Internationally respected lawyer and former Constitutional Court Judge Richard Goldstone has urged the South African government to fight for all nations to join the International Criminal Court (ICC), instead of abandoning it.
Some of the more powerful nations that have not ratified the Rome Statute include the US, Russia, China and India.
Goldstone told City Press that South Africa’s actions this week were a setback for respect for the rule of law in South Africa.
Goldstone worked as a prosecutor for the UN International Criminal Tribunal that looked into criminal matters regarding the former Yugoslavia and Rwanda in the 1990s.
He said that allowing Sudanese president Omar al-Bashir to leave the country had been the first clear case in which the government had flouted an order of one of its courts.
“There can be no doubt that the provisions of the Genocide Convention and the Rome Statute (both now part of our own domestic law) took precedence in international and domestic law over the impunity of visiting heads of state, upon which the government now seeks to rely.”
Goldstone said it would be a seriously negative step for the country to withdraw its ratification of the Rome Statute.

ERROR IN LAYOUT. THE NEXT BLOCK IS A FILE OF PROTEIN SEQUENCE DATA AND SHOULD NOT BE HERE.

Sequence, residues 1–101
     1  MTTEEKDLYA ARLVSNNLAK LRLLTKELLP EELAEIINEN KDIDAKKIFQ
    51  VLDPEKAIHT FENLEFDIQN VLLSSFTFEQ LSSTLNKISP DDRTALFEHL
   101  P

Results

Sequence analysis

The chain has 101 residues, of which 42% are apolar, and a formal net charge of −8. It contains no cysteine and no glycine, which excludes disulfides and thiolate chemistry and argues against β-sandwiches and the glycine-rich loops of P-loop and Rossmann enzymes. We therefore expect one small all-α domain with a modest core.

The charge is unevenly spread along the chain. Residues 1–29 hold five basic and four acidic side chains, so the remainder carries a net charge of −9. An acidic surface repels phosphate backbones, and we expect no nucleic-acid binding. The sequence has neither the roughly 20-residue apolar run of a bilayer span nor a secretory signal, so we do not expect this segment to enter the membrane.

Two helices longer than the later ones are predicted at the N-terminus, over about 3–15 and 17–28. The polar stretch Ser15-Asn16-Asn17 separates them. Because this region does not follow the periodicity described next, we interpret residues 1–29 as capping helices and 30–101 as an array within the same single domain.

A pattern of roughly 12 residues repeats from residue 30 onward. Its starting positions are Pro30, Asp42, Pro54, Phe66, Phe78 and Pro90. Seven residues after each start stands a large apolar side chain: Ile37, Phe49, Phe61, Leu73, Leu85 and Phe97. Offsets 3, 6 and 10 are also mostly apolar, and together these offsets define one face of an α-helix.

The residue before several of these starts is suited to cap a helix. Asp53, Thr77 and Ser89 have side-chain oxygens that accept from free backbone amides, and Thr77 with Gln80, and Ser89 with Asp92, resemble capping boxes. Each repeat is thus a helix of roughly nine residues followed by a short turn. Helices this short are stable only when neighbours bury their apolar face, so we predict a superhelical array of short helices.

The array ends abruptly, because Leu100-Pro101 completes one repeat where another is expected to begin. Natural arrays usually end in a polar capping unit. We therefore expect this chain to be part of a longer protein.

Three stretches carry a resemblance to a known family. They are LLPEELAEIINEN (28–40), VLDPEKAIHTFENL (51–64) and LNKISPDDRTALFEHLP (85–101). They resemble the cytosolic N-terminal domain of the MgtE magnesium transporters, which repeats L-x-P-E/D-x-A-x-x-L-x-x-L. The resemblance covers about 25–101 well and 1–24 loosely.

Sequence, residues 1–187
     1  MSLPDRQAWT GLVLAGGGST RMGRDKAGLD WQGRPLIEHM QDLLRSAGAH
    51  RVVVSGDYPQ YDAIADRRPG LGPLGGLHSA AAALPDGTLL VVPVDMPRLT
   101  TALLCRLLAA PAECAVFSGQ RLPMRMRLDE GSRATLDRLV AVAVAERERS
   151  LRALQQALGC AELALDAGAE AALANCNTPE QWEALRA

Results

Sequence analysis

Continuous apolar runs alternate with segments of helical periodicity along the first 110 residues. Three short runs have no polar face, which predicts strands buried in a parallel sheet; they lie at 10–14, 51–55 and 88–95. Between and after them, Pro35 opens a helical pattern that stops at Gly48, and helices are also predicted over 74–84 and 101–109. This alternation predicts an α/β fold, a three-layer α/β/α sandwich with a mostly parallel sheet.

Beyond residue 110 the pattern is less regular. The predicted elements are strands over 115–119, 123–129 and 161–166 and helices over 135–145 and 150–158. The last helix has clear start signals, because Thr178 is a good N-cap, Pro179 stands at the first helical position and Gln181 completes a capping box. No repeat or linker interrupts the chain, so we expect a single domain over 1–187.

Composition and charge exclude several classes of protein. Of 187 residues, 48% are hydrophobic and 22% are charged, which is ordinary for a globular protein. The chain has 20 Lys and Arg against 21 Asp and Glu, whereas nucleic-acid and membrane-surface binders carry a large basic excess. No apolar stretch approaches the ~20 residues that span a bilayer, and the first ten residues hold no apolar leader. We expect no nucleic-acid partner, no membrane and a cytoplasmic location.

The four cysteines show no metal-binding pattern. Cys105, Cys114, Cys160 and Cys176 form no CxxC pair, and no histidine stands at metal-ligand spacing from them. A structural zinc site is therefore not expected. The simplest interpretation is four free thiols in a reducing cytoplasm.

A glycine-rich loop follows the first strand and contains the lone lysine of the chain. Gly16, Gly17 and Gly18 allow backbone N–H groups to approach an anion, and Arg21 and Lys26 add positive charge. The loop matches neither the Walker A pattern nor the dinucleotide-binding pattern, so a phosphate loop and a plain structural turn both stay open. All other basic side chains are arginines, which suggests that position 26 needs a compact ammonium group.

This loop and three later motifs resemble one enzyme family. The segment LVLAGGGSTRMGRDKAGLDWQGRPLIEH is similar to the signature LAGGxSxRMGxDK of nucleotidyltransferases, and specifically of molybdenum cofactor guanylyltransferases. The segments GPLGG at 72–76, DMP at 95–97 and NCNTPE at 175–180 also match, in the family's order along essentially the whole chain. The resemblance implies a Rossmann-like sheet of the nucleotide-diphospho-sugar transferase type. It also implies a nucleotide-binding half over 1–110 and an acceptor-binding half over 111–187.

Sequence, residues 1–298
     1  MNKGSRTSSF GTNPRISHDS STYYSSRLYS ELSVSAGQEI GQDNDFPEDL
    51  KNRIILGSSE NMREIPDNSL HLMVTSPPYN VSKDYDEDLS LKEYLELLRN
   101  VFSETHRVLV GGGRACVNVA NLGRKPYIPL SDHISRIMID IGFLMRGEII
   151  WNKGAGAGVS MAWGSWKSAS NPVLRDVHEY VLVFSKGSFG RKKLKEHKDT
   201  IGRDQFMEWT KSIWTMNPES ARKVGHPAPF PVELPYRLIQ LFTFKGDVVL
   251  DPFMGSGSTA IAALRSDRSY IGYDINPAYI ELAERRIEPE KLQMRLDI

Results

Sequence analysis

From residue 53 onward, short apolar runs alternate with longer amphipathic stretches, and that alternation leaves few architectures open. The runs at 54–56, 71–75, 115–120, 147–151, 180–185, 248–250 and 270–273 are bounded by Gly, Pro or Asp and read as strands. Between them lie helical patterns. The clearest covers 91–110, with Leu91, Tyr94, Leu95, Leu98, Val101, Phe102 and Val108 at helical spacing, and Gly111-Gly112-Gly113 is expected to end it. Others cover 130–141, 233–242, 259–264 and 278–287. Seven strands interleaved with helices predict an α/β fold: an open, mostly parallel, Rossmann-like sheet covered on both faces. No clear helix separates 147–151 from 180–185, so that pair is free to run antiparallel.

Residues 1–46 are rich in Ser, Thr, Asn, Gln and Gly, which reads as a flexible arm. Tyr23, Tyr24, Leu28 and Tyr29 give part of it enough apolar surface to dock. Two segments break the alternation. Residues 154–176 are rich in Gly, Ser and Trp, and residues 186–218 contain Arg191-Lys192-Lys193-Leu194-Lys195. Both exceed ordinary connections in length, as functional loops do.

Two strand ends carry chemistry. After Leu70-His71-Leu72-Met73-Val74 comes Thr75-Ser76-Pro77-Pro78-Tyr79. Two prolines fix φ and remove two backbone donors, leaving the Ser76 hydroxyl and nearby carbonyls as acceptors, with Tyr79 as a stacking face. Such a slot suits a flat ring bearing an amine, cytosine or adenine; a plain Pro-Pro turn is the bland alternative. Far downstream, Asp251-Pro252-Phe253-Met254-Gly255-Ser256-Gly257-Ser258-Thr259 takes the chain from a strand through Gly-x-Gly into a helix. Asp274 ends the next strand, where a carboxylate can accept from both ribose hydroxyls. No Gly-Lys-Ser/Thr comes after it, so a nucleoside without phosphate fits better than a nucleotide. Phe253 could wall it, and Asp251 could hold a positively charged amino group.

Responding to criticism that the ICC was targeting African states, Goldstone said it had to be acknowledged that the eight cases before the ICC were all from Africa.
But he pointed out that, of the eight, four had been referred by the African governments concerned, two by the Security Council and only the remaining two had been brought before the ICC by its own prosecutor.
He said it was also true that some countries had been shielded from the ICC by powerful states.
These included war-torn Syria, which Russia had blocked from being investigated by the ICC.
He said it was also significant that the ICC’s prosecutor was currently investigating a number of non-African states, including some in Latin America and the Middle East.
Goldstone said that in deciding whether to pull out of the ICC, thought also needed to be given to the victims of mass murder or genocide.
“The case of al-Bashir’s Sudan is a case in point – more than 300 000 killed, tens of thousands of women raped and two and a half million people rendered homeless.
“Those crimes resulted in al-Bashir being sought for genocide, war crimes and crimes against humanity.”